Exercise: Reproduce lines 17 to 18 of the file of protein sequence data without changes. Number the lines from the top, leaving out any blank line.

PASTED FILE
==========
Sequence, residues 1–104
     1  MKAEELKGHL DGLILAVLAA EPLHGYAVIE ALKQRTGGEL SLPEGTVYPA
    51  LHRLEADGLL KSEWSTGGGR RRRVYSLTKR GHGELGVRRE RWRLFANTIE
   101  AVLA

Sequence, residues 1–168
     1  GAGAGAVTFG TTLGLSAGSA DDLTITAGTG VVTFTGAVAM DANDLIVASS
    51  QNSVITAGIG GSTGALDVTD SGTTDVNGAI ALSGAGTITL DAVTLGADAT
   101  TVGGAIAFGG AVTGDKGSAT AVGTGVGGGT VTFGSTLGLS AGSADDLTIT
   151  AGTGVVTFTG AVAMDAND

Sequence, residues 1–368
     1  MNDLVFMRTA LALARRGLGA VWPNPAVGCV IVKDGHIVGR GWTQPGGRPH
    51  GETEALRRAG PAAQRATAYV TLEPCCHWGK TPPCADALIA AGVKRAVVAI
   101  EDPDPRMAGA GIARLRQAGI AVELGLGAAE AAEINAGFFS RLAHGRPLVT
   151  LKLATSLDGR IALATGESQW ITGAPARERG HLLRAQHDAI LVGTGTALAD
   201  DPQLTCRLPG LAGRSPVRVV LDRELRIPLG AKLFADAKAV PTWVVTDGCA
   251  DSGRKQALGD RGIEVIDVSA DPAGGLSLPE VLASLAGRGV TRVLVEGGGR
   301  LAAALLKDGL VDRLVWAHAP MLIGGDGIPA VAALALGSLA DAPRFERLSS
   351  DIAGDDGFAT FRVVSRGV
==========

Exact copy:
   301  LAAALLKDGL VDRLVWAHAP MLIGGDGIPA VAALALGSLA DAPRFERLSS
   351  DIAGDDGFAT FRVVSRGV